C.N.P Poetry 

  • Cathexis Northwest Press

Why The Long Face?

By: Kelsey Frank


So I’m at Target returning a set of sheets, because the

fitted one isn’t deep enough and the purple isn’t purple enough, and

the girls chattering away behind me, their dishes aren’t clean enough, so

the dish soap is being unpurchased, too. It’s strange, isn’t it?

This undoing, rewinding your own life as you see fit,

like maybe I should walk out of here backwards. And

then I could uneat all that ice cream, so

that I could unworry about it or how my jeans fit.

In my universe of reverse, dessert comes after the guilt, so that it

actually is dessert. Imagine that. Or, in the

mind’s eye, fast-forward-rewind six years: it

is July, a Saturday afternoon, sunny and hot. Most of the

2006 SHS graduating class, in their finest blacks, watch and

wait as we unearth the box, dust it off. Dads, stepdads, they

fit coffin curve to shoulder and (walking backwards, mind you) carry, so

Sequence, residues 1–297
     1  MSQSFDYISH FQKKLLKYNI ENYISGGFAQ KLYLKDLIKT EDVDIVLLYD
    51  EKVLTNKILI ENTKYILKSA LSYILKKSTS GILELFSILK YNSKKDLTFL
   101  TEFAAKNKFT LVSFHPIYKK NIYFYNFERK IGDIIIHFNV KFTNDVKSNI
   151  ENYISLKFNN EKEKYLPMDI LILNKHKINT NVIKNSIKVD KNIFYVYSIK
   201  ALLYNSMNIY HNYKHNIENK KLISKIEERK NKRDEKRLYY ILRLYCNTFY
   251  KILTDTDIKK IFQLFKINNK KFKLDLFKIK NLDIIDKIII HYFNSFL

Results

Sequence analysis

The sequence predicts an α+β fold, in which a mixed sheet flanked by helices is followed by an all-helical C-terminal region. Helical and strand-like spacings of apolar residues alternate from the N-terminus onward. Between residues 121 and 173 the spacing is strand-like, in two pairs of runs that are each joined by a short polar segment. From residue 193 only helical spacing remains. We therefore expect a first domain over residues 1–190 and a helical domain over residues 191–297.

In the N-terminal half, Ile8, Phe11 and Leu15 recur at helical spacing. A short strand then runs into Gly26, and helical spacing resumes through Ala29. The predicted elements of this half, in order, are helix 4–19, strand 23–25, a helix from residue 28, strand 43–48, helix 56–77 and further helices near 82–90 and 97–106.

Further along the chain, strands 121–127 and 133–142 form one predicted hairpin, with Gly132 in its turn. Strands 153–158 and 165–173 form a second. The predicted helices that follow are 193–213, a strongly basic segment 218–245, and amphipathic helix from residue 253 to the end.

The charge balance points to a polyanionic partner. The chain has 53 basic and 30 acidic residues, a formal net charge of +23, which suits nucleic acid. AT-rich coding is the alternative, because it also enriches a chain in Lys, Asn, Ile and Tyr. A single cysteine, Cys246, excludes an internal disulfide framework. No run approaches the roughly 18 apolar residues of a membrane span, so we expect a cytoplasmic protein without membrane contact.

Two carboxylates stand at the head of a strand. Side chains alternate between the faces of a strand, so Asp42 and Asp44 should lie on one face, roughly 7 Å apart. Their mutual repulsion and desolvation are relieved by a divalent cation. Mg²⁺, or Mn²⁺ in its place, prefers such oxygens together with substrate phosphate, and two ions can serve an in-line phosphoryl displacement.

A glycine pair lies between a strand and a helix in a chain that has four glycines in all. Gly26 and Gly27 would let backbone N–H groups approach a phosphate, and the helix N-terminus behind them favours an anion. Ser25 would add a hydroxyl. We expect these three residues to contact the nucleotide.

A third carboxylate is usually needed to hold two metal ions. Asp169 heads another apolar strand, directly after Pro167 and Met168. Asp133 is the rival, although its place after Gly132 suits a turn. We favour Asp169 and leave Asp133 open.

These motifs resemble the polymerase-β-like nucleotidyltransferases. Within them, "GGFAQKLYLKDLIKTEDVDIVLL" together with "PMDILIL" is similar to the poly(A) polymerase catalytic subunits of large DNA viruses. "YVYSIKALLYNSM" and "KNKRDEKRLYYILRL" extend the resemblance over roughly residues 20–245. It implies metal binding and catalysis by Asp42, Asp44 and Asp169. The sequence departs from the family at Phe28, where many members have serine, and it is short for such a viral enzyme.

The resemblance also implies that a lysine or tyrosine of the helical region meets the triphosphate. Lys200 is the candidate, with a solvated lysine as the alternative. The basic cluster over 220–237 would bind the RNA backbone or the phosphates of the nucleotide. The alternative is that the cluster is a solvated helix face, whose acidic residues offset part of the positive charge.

gently, our friend. At the hospital, artist surgeons fit

the delicate, velvet bits of him back together, stitch him whole. The

pen peels back cursive from certificate, machines plug in, light up. It

is late; nearly early. At Pine Point beach, candles flicker to life and

we draw fuming panic and weed smoke from the wet, heavy air as I, so

calmly, explain to that girlfriend of yours how fucking ridiculous it is to tattoo the

name of one still living to your ankle. A little silver gun hums and

siphons ink from skin. The sun unsets. Somewhere in Buxton, where the road fit

to the world’s curve, a bashed Camry uncrumples itself. It

pulls the gash back from the tree, and so

quietly pauses, for one forever-long second, as the

body of a 19-year-old boy sails feet-first through the air, and

through the glitter-smashed windshield, into the passenger seat. It is so

nice, this backwards universe of mine, and maybe it’s stupid but truthfully, it

just seems more real than what’s real. The thought of you whole and alive just fits

the way old receipts can be gripped to fit the contours of your fist, and so

when I snap back to forward and hand this over to the cashier

she seems relieved, sends me off with a 20 and a nice afternoon, before

clicking off the aisle light, punching out, and heading off towards Applebee’s for lunch.

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